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TEDxSP 2009 - Flavio Deslandes

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Good morning. I'm an industrial designer, I'm from Rio de Janeiro, I live in Denmark and I thought it'd be interesting to bring a bit of Denmark here in order to show you how the use of bicycle happens there; the matter of democracy in the Danish traffic. I was super inspired and surprised the first time I was in Denmark. I took pictures all the time in order to understand what was going on there. How did that happen? How can people use their bikes so much? How could there be such harmony among cars and bikes? And, for example, the thing here is that the traffic light is red for cars and green for bikes. So, they have this kind of fair play, bikes get a head start, because they're slower, they're more fragile, and cars have to start after them. Historically, this was the first bike; it was actually a walker. This was meant for short lenghts and its concept was that of a personal object. It was made of natural material, such as wood... And I believe this initial concept got lost in time due to several factors, including the Industrial Revolution, etc. until the bicycle as we know it today came to be. When I started to study Industrial Design, I looked at this bike and I thought it could be reconsidered. How could we reinvent the bike? This was one of the first bamboo bikes I made, while trying to retrieve some of those concepts. That had a really great repercussion in the year 2000 including inspiring other people to work with bamboo, bamboo bike. Here where everything has started. I've worked with research at PUC-RJ in the bamboo lab the bamboo technique development was essentially based by "trial and error" and a lot of patience and persistence as well. There was no particular technique for bamboo so far you couldn't go to a garage to weld the bamboo. I had to figure out how to cut the bamboo how I'd deal with bamboo, where I'd get bamboo how I'd make connections with that, how I'd build a structure and the details of that small structure. Why have I considered bamboo interesting? The first thing is based upon a word called "abundance". Bamboo... I think everyone here has passed by a bamboo forest, a bamboo farm Bamboo is spread throughout Brazil, that is a grass of fast growing, that spreads and that's also invasive. And I remember the time when I was in the lab there were people calling to come and cut the bamboo because that was invading a certain area. I thought that very interesting as construction material as we use for objects production. The other question is that about biodegradability. On that picture over there you can see there's a young bamboo and there's an old bamboo And you can see... It's very clear when you get in a bamboo forest you see the age of the bamboo, you see when it dies, when it grows, when it sprouts and I thought interesting to use that concept in an object. Brazil has a very good geographical condition, a very good soil, which is very propitious to grow bamboo but my question before to start to work with bamboo was: "Would that I'm dealing with gonna work? Would that gonna break?" Some time was taken before to... when I've made the first bike, I was afraid to ride No one wanna try that out, of course should be me to try. But that didn't break, I'm still here yet. When I saw Santos Dumont... that was an ultralight made by Santos Dumont in 1900. Around to 200 ultralights like that were commercialized and its entire structure was made using bamboo. So I thought: "If he did make an ultralight, an object of such complexity I'd make a bike using bamboo". There are more than one thousand bamboo species for different kinds of use, for example: that for civil construction, the bigger one craftworks, small objects... By the way, that bamboo is native from Amazonia, a Brazilian native bamboo. Bamboo is... there's a sectional cut there... it's round, it's empty inside and its external part is the hardest, the strongest, the noblest part. Unlike wood. In wood, the internal part is the noblest, in bamboo is the opposite. It's not totally straight, it's curved. Its fibers are disposed in line, parallel to each other. Here is a microscopically zoom on a bamboo you can see the bamboo cells as they're going out, they're getting denser. So, all that, that physical characteristic was a thing I'd take into consideration when working with bamboo or when making that adptations, that structures and everything. Here is an example for a use of that study with bamboo. The Biomega Bamboo Bike. Biomega is a Danish company of bike design. They've asked me in 2001 to work with them in the project because their idea was to bring the natural material back to a personal object but they didn't know how that bike would work, how to build it not risking breaking it. That is the first draft I've got from Biomega. That was their idea about how it would be bamboo would be green... it'd be placed around aluminum connections the aluminum connections... here, isn't working... those parts there... and the bamboo should be green then. That's a detail from that connection, that attachment. I've found five challenges I'd to work with. The first one: incompatibility of materials because were two different materials, aluminum and bamboo. Alignment between connections. Bamboo isn't straight, it's curved sometimes you get a straight bamboo, but it's really hard so you should have to make that bike to be aligned, to be pretty right regardless the bamboo to be curved or straight. Union or collage, they're two different kinds of material, aluminum and bamboo. There was nothing like that in that time. There was no adhesive in market telling that "it can glue bamboo and aluminum". So, that was a thing I should to find out Side efforts on bamboo tubes, as that connection was inside the bamboo that would do the bike to vibrate and that could do the bamboo to open. A greater exposition for the bamboo. Because that's placed outside, that connection. That does get more exposed to the environment. And that'd be a problem of lost of wetness or gain of wetness that'd change size and it'd cause the structure to fail on that part of the glue. Up there is the original draft. Here is the draft for my proposition about the things to do to solve those problems so, one thing I did was to increase the area between that aluminum connection and the bamboo to be able to use different bamboos with different diameters regardless to be straight or curved. That glue would be a flexible glue to absorb all the vibrations which that bike would be exposed to as well thermal expansions. There's an aluminum ring helping to hold the bamboo end to avoid it to open and also protects the bamboo against bad weather, against lost of wetness and gain of wetness. As design done for production already with all this idea to solve the connection done. To finish, that bike has passed by a test stage and in the beginning I asked to... Biomega has talked to me: "We need to test that bike", "We need a certification". So, I asked them: "So, let's test five bikes" and they: "No, just one". So, I made the bike, I knew the bike would pass in advance but I set with them. I asked them for the bike to be tested until broke because, as a researcher, we only get answers when something breaks. And, that was important to me to see where its weak point was what I could improve. Well, in the end there was a breakage, but the machine has broken but actually I get frustrated, because I had no answer at all and, by the way, the factory sent the bill to Biomega. And I hope Biomega don't send the bill to my house, now that I'm talking about that. Well, that is it. Thank you.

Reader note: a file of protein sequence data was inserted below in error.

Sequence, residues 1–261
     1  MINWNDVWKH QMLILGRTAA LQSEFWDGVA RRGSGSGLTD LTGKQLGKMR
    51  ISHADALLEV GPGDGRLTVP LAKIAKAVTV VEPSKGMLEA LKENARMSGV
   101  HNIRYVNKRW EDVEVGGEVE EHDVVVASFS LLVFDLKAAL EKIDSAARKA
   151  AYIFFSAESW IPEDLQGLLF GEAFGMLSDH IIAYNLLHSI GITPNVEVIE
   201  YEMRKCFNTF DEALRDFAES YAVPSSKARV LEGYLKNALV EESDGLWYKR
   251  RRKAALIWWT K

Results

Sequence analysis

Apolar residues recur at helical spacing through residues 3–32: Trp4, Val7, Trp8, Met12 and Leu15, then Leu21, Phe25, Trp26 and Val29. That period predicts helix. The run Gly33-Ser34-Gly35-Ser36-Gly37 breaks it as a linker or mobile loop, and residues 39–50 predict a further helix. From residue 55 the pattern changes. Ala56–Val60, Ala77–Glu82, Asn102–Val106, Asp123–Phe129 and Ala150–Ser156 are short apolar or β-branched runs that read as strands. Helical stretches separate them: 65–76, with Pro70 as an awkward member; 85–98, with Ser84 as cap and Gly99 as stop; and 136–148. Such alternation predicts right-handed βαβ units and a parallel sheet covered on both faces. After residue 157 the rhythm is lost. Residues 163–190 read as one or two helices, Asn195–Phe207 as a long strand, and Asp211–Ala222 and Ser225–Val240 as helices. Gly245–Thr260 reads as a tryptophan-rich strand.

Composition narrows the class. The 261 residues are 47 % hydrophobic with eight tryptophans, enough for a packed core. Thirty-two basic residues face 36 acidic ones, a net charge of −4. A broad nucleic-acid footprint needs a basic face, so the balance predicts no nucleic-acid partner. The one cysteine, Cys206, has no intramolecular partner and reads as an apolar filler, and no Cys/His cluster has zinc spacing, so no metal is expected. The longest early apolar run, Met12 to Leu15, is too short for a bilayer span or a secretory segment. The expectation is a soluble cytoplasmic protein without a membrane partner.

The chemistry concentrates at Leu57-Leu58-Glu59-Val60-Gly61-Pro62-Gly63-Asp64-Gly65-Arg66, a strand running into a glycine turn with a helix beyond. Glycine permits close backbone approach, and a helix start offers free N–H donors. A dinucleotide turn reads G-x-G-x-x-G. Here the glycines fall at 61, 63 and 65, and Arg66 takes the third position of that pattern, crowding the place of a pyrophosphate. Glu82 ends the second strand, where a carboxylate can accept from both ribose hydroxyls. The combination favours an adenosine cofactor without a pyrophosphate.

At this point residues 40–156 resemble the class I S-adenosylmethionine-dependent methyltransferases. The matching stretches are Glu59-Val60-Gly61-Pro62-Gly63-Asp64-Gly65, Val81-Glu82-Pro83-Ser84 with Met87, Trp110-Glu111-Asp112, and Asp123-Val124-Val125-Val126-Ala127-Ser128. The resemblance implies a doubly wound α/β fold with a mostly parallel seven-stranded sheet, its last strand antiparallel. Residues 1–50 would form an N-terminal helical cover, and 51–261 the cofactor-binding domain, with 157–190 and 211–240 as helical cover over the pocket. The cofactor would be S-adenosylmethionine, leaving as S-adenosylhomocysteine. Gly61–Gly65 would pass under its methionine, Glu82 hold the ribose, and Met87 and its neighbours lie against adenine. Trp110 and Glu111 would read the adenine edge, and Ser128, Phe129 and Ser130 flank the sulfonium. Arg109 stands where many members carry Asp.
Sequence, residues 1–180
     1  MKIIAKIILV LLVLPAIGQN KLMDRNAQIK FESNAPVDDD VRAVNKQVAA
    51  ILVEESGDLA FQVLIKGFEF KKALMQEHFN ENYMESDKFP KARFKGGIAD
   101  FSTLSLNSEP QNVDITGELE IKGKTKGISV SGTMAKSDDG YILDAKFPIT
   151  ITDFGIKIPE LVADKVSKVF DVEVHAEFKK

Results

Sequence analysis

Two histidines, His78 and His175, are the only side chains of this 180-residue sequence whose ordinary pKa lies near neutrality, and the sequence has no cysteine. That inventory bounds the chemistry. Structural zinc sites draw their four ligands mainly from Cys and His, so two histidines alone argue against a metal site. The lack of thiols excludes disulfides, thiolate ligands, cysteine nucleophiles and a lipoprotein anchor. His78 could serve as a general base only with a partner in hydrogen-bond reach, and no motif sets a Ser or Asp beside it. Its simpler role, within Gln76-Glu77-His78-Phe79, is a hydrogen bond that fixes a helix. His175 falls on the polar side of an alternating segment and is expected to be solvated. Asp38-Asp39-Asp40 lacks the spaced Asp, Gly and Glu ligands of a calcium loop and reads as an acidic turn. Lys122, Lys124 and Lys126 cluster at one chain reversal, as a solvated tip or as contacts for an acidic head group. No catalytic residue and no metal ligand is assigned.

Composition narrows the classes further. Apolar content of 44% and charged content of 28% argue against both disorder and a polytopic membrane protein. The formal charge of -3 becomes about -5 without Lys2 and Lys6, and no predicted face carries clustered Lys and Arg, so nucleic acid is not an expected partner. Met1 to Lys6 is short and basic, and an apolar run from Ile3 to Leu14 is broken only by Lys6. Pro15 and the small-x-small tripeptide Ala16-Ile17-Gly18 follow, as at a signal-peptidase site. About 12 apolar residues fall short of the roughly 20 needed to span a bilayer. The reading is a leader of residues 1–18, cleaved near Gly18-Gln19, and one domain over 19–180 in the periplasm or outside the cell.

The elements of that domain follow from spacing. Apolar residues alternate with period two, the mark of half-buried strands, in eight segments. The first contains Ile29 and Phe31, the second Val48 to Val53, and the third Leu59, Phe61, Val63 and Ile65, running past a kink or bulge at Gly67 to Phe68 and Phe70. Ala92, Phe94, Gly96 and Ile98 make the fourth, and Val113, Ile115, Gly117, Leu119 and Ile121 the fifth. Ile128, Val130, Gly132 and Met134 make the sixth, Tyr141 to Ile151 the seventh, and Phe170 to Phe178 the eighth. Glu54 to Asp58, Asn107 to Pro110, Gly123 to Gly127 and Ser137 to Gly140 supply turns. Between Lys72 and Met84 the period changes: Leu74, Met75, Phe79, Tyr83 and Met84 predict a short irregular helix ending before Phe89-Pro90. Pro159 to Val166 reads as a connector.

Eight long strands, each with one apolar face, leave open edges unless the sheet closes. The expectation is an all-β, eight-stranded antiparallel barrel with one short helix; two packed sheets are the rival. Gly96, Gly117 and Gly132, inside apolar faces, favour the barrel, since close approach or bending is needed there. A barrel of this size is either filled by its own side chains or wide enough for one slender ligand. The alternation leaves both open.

Video Details

Duration: 12 minutes and 21 seconds
Country: Brazil
License: All rights reserved
Producer: TEDxSP + colmeia
Director: Julio Taubkin
Views: 109
Posted by: tedxsp on Dec 11, 2009

Flavio Deslandes no TEDx São Paulo 2009